Many Lives…Book Reviews
Verve picks books that explore the nuances of several lives, tracing varied interactions and creating fascinating vignettes of experiences
GAMES GIRLS PLAY
AASTHA ATRAY BANAN
Aastha Atray Banan’s engaging work tells the story of two single girls and their quest to find true love in Mumbai. Prudish and reserved, Siya decides to live with wild child Natasha – this leads to an interesting chemistry which is enhanced by the two contrasting lifestyles. After living together for a while, Siya, an aspiring writer, and her photographer friend, Natasha, realise that their lives are turning out to be very different from what they had expected. Every girl will relate to this sassy and racy saga of friendship. Read it for its breezy writing style that will keep you entertained till the last page.
This potboiler by bestselling author, Chetan Bhagat, is about Madhav, a boy from Dumraon, a small town in Bihar, who falls in love with Riya, a quintessential, rich Delhi girl. They meet as students in St Stephen’s College – both are passionate about basketball. Although their personal backgrounds are distinctly different, their friendship grows over many meetings. But, before it can blossom into something more, the protagonists must go through many twists and turns of destiny – driven by the characters’ actions and reactions. There is a fleeting sense of déjà vu when one is reading Half Girlfriend – in terms of character delineation and the unfolding of the plot. Bhagat’s fans will love this one too, though.
ONCE UPON A STAR
It is a tale of love, identity and betrayal written by Gajra Kottary, who has written scripts for several small-screen serials. Her characters are rooted in Bollywood. Vardaan, the home to a prominent filmi family, is witnessing turmoil. Superstar Raj decides to leave his wife, Simran, for Sia, the reigning queen of the silver screen. To add to the emotional crises, Raj’s sister, Ashima, has walked out of her broken marriage, returning home to pursue her dreams of acting. Kottary’s offering shows an insider’s view of an industry — where drama seems to be a daily buzzword.
THE SONG OF THE MAGPIE ROBIN
Noted naturalist, Zafar Futehally’s autobiography traces his journey from childhood to the time he became one of the biggest pioneers of natural conservation in India. His association with Salim Ali, who was popularly known as the ‘Bird Man of India’, led him to exhilarating experiences and made him put the matter of natural conservation on a pedestal of national importance. The chronicle, written by Futehally, with Shanti and Ashish Chandola, will surely inspire readers, and let them learn more about a man who spent his life trying to strike a balance between nature and its conservation and development.
Sachin Tendulkar: Playing It My Way
Sachin Tendulkar and Boria Majumdar
When Sachin Tendulkar writes his autobiography, it becomes the nation’s Bible. It has a pre-order rate that could put even JK Rowling to shame, for everyone wants a piece of the toast of India, who through his awe-inspiring career, maintained a dignified and mostly private stance. The book, swathed in the patriotic saffron, white and green hues, embodies the essence of a life devoted to helping the country reach greater highs. When one reads his autobiography, one does not look at how he attacks the text or tackles syntax and grammar. Writing about it is like penning one’s thoughts about a Salman Khan movie. No matter what you say, fans will have the last word.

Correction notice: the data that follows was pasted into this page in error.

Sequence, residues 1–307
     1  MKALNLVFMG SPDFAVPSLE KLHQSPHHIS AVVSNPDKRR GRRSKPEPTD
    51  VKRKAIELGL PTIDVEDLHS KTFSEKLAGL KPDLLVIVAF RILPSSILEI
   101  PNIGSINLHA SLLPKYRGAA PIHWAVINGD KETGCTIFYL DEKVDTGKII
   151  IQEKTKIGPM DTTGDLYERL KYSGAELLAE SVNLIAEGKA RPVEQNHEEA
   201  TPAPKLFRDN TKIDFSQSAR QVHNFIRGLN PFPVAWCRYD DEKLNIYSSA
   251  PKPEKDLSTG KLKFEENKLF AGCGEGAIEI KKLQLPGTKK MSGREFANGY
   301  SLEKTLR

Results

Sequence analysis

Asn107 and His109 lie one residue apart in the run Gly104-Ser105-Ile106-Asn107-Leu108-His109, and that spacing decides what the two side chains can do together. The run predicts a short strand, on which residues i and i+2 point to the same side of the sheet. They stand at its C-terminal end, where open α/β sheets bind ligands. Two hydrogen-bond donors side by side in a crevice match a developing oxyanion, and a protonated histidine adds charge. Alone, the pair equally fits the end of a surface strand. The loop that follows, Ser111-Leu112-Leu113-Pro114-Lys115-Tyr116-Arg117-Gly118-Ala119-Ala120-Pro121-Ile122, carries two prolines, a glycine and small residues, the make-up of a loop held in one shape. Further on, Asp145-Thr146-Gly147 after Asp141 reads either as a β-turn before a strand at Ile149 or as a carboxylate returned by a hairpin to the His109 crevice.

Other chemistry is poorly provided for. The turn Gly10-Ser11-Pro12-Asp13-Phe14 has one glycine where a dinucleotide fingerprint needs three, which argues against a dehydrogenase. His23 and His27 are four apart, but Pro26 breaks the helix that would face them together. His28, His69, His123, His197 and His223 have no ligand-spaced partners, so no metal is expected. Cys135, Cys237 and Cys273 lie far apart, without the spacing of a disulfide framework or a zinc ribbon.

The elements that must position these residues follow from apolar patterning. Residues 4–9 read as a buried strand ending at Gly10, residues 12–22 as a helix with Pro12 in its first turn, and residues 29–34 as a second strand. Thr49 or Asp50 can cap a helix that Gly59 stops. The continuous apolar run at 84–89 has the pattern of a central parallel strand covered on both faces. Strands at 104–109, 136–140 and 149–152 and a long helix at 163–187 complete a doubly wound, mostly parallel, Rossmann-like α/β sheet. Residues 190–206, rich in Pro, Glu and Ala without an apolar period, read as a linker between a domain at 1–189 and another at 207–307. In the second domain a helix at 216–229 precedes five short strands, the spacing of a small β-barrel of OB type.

The read: A straightforward account of Tendulkar’s cricketing career and life: his career was his life. He gives due importance to his wife, Anjali, who unfailingly stood by his side, but when it comes to cricket, the family took a backseat. We come to know of his highs, lows, obstacles and successes, but are left craving a little more heart. Tennis star Andre Agassi’s autobiography both informed and entertained, while this one merely takes you from one match to another. An autobiography is what you wish would reveal more about the man.
Bowled over: Here is a man who signed his life over to the sport; his dedication, resilience and tact shine through. Little incidents — like calling his most avid fan, Sudhir Kumar, to hold the winning World Cup trophy after the match, or leaving match tickets and a jersey signed by the whole team for a cabbie who refused to charge his idol anything for the ride — show that he possessed exemplary character and a generous spirit.
It ain’t cricket: His comments about Greg Chappell’s term have stirred up quite a controversy. But we say, about time. His dissonance with then-captain Rahul Dravid, for declaring and not allowing him to reach a double ton, was written about although both players never permitted anyone outside the team to sense the tension. The media plays a huge part in making or breaking careers and is quick to shun a failure. When Tendulkar was going through a rough patch, the headlines in the morning dailies read ‘Endulkar’, a term that both angered and saddened the legend. He has a whole chapter named after this insult.
Missed point: What we found a little odd was the minimal mention of Virender Sehwag – a man who supported him from the other end of the pitch through a considerable part of his career and with whom he has enjoyed some of his best partnerships.
Reading it, I was left with a sense of wanting more. A feeling I have always had when Tendulkar played.
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